Research Description - Project Summary

Interfaces (the region separating two phases) play essential role in numerous processes in nature, ecology (accumulation and removal of pollutants, green chemistry), technology (colloids, paints, adhesion, adsorption, catalysis, energy production and storage, nanotechnology, electronics, biosensors), medicine (physiology, membranes), pharmacy (formulation of drugs and drug delivery) etc. Interfacial area, with respect to amount of the material, is extremely large in the case of colloidal dispersions and especially in nano-dispersions. Therefore, interfacial properties are directly related to surface reactivity, adsorption of biomolecules, but also to the permeability of membranes. At present time, key physico-chemical properties of solid/electrolyte interfaces remain insufficiently understood at a fundamental level.

In order to contribute to the understanding of basic interactions between the mineral phases and water molecules, ions and complex macromolecules we propose the investigations of processes at solid/liquid interfaces. Particular attention will be paid on a role of water, simple counterions, as well as surface structure in surface charging and formation of electrical interfacial layer.

Recently developed experimental techniques enable characterization of individual crystal planes. The unexpected difference between inner surface potential and electrokinetic potential of a particular crystal plane leads to conclusion of pH dependent charge of interfacial water layer. This phenomenon will be examined in details. The single crystal electrodes, device constructed recently in our laboratory, will be used for determination of inner surface potential of specific crystal planes. Inner surface potential affects directly the state of ionic species bound to defined surface plane and is thus essential parameter governing interfacial equilibrium. Electrokinetic experiments provide information on the net charge of surface and stagnant interfacial water layer, so that the mentioned data will be analyzed in order to elucidate equilibrium processes taking place at the interface. Since adsorption processes depend on the speciation of surface species, both in adsorbed and desorbed states, the properties of both states will be analyzed. The role of interfacial water in interfacial equilibrium will be analyzed by considering its behavior at inert surfaces (gas/water, diamond/water) but also at metal oxide surfaces.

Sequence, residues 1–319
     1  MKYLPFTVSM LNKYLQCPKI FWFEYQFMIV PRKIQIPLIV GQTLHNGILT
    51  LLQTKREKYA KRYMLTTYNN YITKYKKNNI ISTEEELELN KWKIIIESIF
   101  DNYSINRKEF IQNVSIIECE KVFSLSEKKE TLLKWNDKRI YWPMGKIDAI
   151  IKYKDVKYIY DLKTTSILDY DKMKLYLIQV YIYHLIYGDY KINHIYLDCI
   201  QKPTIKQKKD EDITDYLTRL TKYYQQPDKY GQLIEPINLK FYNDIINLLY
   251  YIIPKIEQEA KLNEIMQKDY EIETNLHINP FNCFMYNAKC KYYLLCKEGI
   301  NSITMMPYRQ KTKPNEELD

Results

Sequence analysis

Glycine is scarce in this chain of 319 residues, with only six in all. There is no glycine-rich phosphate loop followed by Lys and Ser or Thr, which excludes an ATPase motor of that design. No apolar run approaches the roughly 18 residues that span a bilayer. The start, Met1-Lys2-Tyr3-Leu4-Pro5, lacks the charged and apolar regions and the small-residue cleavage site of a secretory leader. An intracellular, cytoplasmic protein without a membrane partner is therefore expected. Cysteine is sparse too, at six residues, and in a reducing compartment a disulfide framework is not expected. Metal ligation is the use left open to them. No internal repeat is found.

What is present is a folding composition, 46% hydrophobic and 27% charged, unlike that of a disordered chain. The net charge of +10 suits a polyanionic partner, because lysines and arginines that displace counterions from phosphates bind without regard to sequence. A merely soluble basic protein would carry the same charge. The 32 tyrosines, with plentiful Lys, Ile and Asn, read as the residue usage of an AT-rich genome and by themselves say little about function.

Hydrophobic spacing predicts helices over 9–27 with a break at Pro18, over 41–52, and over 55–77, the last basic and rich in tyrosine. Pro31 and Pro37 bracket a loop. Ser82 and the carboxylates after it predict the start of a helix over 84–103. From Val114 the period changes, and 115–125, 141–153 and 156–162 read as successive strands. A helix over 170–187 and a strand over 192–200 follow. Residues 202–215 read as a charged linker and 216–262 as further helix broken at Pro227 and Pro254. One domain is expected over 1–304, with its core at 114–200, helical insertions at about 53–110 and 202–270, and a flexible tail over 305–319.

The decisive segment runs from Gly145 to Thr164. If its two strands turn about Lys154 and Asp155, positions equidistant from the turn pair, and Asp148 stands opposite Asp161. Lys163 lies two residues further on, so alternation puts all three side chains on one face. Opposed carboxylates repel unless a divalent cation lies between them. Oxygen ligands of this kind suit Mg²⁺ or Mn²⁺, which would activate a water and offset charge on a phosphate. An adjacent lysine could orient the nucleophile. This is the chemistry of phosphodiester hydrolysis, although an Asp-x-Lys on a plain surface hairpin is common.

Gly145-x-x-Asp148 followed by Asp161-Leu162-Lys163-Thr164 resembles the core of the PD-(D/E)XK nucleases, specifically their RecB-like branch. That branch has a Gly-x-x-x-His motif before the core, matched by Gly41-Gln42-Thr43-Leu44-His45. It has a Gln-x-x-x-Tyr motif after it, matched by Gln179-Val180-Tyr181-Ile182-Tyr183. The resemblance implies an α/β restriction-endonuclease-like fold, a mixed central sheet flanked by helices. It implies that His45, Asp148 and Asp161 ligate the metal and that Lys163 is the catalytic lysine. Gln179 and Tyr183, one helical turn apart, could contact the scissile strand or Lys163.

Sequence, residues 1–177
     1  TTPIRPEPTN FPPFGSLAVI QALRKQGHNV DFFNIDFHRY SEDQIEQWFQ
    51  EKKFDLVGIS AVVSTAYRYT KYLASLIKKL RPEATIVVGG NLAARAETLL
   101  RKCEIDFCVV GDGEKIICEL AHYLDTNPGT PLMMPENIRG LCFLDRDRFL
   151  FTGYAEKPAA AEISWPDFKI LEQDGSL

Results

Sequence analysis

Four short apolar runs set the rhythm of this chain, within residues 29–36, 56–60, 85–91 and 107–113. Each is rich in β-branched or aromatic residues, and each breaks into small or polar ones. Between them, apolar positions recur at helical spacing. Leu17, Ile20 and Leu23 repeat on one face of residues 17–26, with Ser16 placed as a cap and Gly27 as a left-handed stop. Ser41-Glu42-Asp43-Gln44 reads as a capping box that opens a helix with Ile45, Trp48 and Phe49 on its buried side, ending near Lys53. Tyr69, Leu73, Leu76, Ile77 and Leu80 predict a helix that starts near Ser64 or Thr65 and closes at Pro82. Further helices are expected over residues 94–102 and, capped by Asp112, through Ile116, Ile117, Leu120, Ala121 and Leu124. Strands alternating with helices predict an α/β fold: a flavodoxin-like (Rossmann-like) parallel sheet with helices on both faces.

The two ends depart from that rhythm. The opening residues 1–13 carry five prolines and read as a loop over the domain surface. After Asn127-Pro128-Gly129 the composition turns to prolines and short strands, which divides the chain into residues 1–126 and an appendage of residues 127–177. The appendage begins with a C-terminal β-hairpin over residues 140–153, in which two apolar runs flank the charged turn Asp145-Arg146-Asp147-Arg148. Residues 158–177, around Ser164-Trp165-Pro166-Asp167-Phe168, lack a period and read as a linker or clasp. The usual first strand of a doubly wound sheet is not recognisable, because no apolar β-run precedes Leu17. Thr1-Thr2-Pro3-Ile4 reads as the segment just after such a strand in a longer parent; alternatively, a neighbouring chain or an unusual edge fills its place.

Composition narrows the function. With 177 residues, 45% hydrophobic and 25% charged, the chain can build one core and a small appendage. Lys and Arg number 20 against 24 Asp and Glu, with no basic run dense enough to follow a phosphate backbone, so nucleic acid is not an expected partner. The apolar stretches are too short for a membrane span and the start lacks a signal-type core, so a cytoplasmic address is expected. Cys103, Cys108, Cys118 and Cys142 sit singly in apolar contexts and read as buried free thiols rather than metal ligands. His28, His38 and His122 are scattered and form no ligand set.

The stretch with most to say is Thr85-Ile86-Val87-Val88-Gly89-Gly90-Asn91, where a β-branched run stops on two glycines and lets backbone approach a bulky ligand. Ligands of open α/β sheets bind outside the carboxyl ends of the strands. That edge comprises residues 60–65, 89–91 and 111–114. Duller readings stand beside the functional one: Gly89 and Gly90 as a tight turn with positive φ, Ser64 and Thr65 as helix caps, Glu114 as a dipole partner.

A special case of interfaces are polyelectrolytes at the metal oxide surface. Therefore, such interfaces and their correlation with the behaviour of polyelectrolytes in solution will be also extensively studied in the frame of the proposed project. The reason lies in fundamental interest to understand their properties in relation with the role of natural polyelectrolytes and proteins in biological processes, as well as in industrial applications. The latter are not limited to polyelectrolytes in solution, but include also the polyelectrolyte (or interpolyelectrolyte) complexes and multilayers. The formation of multilayers of polyelectrolytes at solid surfaces, as well as interpolyelectrolyte interactions in solution, will be examined. Special emphasis will be given on specific ionic effects.

The proposed project can be classified as a project in the field of physical chemistry of colloids and interfaces and it is oriented to dynamic and equilibrium aspects of accumulation and distribution of ions and molecules within the interfacial layer. Predominantly the experimental methods will be applied, while the results will be analyzed quantitatively. In addition, theoretical tools will be developed in order to better understand behavior, reactivity and equilibrium at interfaces.